As we move towards autumn, we’re facing rising household bills, rising food prices and more. But what can you do if you’re struggling to make ends meet? Here’s what you need to know…

If you’re already behind on bills, prioritise paying your rent or mortgage, plus energy bills and Council Tax first. Speak to the person or company you owe money to, to see if they can help you repay your bills sustainably.

Grants to help you pay off your energy debts

If you’re in debt with your energy supplier, you might be able to get a grant to help pay off those debts. If your supplier doesn’t offer grants, you might be able to get one from the British Gas energy trust. You can find out more on our website.

Agreeing a payment plan with your energy supplier

If you’re struggling to pay your energy bills you should tell your supplier that you want to pay through a payment plan which will cover what you owe plus an amount for your current use.

You’ll pay fixed amounts over a set period of time, so you can pay what you can afford. Your supplier has to take into account how much you can afford to pay and how much energy you’ll use in the future.

Benefits calculator

It’s worth checking that you’re getting all of the benefits that you’re entitled to. Use a benefits calculator to check if there’s anything else that you can get. You should also check if you can get a council tax reduction or discount.

Help from your local council or a local charity

Our local council might be able to give you vouchers or a prepaid card to help pay for essentials like food or fuel. You could also get household appliances like a fridge. Contact our local council to check if they run one of these schemes.

Check you’re being paid the right wage

The minimum wage will increase on 1 April 2022 so you should make sure that you’re being paid the right amount.

  • Aged 23 and over — £9.50
  • Aged 21 to 22 — £9.18
  • Aged 18 to 20 — £6.83
  • Under 18 — £4.81
  • An apprentice — £4.81

If you’re not being paid minimum wage you should be speak to your employer in the first instance. If that doesn’t work or you don’t feel comfortable doing so, speak to your local Citizens Advice service.

Making a budget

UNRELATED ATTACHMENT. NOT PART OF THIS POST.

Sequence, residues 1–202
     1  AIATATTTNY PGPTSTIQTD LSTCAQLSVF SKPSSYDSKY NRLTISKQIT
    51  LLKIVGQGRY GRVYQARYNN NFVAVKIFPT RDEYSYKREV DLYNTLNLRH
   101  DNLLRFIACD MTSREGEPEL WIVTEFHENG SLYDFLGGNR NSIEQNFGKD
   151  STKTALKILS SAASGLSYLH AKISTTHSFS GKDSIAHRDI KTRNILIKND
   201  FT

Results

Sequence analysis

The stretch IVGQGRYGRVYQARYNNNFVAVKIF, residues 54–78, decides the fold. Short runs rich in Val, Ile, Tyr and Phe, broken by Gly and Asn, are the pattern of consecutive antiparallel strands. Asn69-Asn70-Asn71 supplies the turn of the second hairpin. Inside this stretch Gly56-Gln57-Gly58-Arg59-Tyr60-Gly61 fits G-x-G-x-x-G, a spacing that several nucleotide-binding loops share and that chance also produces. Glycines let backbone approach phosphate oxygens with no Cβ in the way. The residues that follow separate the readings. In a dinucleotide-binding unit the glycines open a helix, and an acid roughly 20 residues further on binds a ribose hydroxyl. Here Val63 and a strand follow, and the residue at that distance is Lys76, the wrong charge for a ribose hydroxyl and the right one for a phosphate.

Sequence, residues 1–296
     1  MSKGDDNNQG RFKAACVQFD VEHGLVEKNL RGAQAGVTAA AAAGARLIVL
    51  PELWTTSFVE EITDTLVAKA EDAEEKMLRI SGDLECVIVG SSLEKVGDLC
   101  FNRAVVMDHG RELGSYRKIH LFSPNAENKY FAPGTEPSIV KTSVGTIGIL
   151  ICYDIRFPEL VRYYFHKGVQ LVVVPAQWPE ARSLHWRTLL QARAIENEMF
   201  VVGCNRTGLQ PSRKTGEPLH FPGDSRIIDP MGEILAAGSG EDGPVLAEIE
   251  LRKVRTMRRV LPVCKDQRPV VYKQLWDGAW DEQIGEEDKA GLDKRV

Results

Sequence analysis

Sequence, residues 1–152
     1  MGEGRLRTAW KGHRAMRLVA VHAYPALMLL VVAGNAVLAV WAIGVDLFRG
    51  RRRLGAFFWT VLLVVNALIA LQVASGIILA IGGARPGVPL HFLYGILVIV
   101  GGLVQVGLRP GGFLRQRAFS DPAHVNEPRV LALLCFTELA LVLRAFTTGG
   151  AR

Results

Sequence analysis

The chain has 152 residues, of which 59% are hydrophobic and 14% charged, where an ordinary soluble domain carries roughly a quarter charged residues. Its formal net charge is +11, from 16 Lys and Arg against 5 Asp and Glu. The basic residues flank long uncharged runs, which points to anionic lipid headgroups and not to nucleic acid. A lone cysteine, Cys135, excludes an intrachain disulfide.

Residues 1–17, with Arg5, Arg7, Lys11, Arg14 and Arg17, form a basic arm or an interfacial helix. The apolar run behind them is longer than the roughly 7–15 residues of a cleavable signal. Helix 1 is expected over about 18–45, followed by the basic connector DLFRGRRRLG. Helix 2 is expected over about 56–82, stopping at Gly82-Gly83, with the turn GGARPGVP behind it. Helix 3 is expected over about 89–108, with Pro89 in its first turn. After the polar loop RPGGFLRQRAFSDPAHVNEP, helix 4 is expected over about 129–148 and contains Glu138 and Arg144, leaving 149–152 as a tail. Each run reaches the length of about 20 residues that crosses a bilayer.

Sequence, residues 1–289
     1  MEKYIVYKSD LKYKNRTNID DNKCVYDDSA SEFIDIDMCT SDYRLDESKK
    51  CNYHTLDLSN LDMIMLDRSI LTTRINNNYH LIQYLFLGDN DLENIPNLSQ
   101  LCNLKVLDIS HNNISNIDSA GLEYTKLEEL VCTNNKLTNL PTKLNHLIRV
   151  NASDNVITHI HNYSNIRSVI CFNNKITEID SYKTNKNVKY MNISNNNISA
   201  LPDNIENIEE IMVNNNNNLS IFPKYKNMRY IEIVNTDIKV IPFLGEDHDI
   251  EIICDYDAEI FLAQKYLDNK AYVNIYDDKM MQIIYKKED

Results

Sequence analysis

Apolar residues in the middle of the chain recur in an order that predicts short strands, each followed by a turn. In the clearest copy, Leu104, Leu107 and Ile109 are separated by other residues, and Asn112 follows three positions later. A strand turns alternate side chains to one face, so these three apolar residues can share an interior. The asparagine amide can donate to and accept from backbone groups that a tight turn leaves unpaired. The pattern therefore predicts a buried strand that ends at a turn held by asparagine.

If you want to make a budget, here’s 3 steps.

  1. Write down all your earnings after tax, any money from benefits or any other income you may have
  2. Write down all your outgoings. This includes existing debts, regular payments and other expenses
  3. Use a budgeting tool to work out your budget

Before you start, have your bank statements or banking app to hand. You could also keep a spending diary to keep track of your spending ahead of completing a budget.

Help with school costs

If you’re on a low income or claim Universal Credit, you might be able to get free school meals. You can apply for free school meals on

You might also be able to get help from your local education authority with some costs such as uniforms.

Using a foodbank

You’ll normally need to get referred to a foodbank. We can help with this or another organisation that’s supporting you can also refer. They’ll give you a voucher and tell you where the foodbank is. At the foodbank, you’ll get a food parcel.

Check if you are eligible for pension credit

If you have reached State Pension age, are you eligible to receive your pension? Here is an easy way to check on Pension Credit is a weekly benefit to boost your income. It’s based on how much money you have coming in.

There are two parts to Pension Credit, called Guarantee Credit and Savings Credit. You might get one or both parts.

  • Guarantee Credit tops up your weekly income to a minimum amount.
  • Savings Credit is a small top-up for people who have a modest amount of income or savings. It’s only available if you reached State Pension age before 6 April 2016.

There is lots more information on to help you.

If you need us, we’re here. Check out our website for advice on a whole range of issues. You can also contact us in a number of ways.

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